We walked allll the way down Newbury street only to find ourselves back at the Public Gardens and the Commons, before heading back over to the North End.  I didn’t really know what to do…we still had so much time!  And we were still kind of full.  So we stopped in this random bar in the North End and watched soccer while sipping on limoncello for about an hour.  Then we stopped by Mike’s Pastry to pick up some cannolis to bring back to Baltimore.  I wish I had appreciated Mike’s cannolis more when I was living in Boston, but now I guess I’ll take what I can get.

I took these pictures when I got home.  Don’t they look soooo good??  I brought them to work, and they were a total hit.

Okay, last scheduled stop on our little tour was James Hook & Co. for lobster rolls…and more clam chowder.  Their clam chowder was a LOT better than the one we had at Union Oyster House.  You could actually see clam bits in there, and it was a lot heartier.  Very satisfying.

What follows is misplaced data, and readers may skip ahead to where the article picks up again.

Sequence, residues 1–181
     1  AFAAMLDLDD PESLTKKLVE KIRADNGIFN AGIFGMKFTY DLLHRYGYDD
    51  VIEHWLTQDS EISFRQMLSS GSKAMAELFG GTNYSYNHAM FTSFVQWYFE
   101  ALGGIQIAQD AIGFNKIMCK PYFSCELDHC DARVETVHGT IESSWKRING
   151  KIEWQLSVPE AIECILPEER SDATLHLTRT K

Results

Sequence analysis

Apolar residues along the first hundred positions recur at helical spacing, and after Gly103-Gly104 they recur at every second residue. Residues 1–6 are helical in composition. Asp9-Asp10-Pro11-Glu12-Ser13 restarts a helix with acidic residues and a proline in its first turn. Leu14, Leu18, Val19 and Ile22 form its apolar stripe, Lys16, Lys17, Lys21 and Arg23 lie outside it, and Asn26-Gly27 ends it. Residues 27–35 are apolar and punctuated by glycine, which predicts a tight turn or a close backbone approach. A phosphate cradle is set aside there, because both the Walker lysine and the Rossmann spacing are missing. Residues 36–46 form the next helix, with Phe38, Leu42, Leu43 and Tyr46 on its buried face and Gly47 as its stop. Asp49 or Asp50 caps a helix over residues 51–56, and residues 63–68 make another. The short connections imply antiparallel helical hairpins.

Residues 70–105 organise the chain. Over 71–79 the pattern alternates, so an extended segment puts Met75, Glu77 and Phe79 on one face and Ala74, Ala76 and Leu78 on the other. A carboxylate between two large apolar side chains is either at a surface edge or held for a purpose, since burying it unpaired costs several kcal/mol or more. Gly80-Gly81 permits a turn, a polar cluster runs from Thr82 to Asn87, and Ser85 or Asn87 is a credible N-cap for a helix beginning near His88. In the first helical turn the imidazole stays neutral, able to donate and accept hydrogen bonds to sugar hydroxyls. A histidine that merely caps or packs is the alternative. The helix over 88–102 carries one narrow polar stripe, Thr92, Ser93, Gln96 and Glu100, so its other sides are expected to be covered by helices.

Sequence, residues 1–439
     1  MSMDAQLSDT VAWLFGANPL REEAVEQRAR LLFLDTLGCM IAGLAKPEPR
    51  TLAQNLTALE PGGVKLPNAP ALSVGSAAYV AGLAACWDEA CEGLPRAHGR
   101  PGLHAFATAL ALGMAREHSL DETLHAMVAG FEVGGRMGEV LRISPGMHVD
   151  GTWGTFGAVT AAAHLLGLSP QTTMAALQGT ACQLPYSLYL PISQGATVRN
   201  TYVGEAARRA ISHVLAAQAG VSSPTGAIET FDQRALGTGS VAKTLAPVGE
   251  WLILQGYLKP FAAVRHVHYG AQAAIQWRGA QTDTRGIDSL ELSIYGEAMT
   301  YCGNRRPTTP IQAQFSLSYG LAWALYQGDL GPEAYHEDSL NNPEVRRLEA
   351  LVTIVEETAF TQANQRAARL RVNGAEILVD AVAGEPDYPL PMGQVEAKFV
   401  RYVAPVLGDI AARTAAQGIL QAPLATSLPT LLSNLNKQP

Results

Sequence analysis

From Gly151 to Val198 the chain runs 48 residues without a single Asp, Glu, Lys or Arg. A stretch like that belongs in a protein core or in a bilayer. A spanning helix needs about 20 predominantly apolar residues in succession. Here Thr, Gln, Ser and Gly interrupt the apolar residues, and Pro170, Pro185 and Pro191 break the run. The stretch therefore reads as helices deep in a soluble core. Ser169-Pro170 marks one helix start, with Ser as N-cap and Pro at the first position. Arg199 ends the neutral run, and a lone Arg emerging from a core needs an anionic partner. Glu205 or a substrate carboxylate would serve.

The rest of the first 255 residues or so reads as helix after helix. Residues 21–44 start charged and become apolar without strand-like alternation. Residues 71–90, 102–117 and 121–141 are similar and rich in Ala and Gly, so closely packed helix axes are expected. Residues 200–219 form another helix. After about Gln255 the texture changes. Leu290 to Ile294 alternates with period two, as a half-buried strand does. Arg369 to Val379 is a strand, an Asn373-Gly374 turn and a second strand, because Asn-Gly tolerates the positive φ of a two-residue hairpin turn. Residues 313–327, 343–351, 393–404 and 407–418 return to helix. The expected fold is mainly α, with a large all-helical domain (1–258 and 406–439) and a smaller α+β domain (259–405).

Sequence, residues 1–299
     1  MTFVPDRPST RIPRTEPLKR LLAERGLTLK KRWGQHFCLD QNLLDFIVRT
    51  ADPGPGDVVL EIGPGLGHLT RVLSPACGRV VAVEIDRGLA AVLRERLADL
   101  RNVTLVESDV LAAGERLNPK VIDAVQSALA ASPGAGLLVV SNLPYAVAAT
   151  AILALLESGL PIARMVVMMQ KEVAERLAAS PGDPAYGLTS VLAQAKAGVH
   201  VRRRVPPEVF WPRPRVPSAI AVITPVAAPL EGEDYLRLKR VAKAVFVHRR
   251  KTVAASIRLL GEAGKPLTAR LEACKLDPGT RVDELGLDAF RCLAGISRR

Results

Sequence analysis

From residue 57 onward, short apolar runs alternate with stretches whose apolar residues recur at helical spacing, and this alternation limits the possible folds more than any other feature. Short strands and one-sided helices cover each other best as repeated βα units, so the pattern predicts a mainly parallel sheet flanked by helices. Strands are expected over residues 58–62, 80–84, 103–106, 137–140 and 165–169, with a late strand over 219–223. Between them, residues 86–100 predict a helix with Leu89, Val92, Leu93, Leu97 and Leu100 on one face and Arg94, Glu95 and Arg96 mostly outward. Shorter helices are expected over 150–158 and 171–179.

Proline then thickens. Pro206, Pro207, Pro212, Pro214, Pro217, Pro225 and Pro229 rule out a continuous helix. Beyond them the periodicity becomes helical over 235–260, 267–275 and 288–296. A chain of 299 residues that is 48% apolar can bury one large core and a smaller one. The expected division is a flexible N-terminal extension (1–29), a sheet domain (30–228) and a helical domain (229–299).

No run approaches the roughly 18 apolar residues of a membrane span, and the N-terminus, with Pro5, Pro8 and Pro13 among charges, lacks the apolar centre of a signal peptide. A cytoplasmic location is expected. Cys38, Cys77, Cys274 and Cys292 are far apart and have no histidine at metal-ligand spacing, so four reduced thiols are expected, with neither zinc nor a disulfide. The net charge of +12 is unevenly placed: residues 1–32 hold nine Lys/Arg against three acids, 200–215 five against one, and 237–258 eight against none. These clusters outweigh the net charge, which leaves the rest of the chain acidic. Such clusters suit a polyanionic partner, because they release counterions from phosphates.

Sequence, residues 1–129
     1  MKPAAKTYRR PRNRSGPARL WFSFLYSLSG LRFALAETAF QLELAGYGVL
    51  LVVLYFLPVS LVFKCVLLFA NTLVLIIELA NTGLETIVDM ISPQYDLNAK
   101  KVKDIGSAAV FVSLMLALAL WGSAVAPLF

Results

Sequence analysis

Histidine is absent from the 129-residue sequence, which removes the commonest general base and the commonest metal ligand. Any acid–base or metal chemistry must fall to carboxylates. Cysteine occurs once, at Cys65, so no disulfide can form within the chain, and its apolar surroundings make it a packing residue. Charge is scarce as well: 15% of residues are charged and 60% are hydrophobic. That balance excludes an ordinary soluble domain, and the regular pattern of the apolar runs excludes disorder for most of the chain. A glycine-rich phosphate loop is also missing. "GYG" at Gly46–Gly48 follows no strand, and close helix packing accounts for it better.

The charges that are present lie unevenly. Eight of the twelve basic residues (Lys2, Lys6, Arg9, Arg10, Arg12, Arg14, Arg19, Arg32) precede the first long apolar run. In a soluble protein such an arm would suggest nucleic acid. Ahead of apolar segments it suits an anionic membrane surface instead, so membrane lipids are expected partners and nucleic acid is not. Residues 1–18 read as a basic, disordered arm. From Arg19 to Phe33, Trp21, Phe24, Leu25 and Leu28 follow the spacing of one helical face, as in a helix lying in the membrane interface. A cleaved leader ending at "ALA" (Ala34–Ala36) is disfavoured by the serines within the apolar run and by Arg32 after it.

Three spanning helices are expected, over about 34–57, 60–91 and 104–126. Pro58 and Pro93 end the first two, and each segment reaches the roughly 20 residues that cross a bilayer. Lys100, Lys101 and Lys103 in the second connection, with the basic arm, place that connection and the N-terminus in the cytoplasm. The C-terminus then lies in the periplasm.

It was about 3:30, and we didn’t have to get back on the T to the airport till about 5, so we walked to Chinatown.  It was too late for dim sum, but we went to Taiwan Cafe, one of my favorite stops in college.  We just got some noodles and dumplings to tide us over on the flight home (not that we needed it…really, we were just trying to kill time).

And that was it!  I definitely got made fun of by security for carrying a big bag of Mike’s through.  We made it home by about 9pm.  Good spontaneous trip.  I realize by now that I’ve done food tours in several major cities along the east coast: Boston, NYC, Philly…yet I have never done one in D.C.  That’s going on the to do list =).